Of course, a memorable lunch in New Orleans doesn't have to be a splurge. The $17.95 buffet lunch at venerable Dooky Chase's in the Treme transcends self-service mediocrity. Leah Chase, still a force in the restaurant at 91, began working at her husband's parent's restaurant in the 1950s and eventually ran the kitchen, serving family Creole recipes like shrimp Clemenseau (with potatoes, mushrooms, and peas in a white wine sauce) and her extraordinary gumbo z'herbes, a staple during Lent. Two plates from the buffet sustained me straight into naptime: the first piled with textbook fried chicken (crisp and meticulously seasoned), greens, and gumbo with chicken and andouille sausage; the second one weighed down with fried catfish and a dish of shrimp, lima beans, and rice dusky with white pepper.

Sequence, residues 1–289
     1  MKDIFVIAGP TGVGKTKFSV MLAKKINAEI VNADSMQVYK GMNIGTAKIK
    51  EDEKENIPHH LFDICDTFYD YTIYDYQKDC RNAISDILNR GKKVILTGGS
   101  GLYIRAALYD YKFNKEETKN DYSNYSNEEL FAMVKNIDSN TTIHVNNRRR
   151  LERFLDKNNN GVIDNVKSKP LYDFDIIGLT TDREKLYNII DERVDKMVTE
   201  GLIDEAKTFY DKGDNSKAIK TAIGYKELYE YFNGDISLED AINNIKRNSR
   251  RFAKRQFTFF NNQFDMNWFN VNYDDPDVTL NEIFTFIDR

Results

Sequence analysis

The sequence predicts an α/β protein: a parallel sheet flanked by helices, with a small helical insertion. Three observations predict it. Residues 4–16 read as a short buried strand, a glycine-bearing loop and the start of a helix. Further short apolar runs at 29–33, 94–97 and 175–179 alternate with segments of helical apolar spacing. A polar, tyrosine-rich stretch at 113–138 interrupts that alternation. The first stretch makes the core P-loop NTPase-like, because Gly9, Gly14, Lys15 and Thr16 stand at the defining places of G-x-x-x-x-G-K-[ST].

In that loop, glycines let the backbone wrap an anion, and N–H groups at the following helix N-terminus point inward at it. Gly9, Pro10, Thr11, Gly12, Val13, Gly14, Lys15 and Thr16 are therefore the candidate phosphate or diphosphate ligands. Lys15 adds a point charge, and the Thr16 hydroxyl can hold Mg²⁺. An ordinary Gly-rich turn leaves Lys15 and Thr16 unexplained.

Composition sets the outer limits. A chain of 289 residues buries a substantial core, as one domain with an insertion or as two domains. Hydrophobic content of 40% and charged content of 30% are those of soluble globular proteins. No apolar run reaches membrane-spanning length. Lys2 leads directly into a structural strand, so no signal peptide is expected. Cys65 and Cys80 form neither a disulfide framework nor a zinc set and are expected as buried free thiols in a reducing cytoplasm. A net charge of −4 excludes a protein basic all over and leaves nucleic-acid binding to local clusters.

Donald Link's boudin blanc is one of the city's indispensable dishes.
What Chase is to urbane Creole cuisine, Donald Link is to country Cajun cooking, dressed up for the city. The boudin blanc — a white sausage made of rice and pork, including the liver that adds earthy silkiness — served at Cochon Butcher hearkens to Link's Southern Louisiana childhood. It is one of the city's indispensable dishes. The casual sibling to Link's Herbsaint, Cochon (around the corner), and newcomer Peche, Cochon Butcher started as a modest salumeria and sandwich shop in 2009. Soon it was a phenomenon, with lines frequently snaking out the door. In April it expanded from 30 seats to 120, and on a Saturday afternoon I still had to wait for a table. Don't let it deter: For visiting food lovers it should be the first lunchtime stop in New Orleans. (Yes, even before a po'boy shop.) It is also open at night, but better to save the evening hours for curried mussels, ground shrimp and noodles, and a whole fish — grilled, not roasted — at Peche.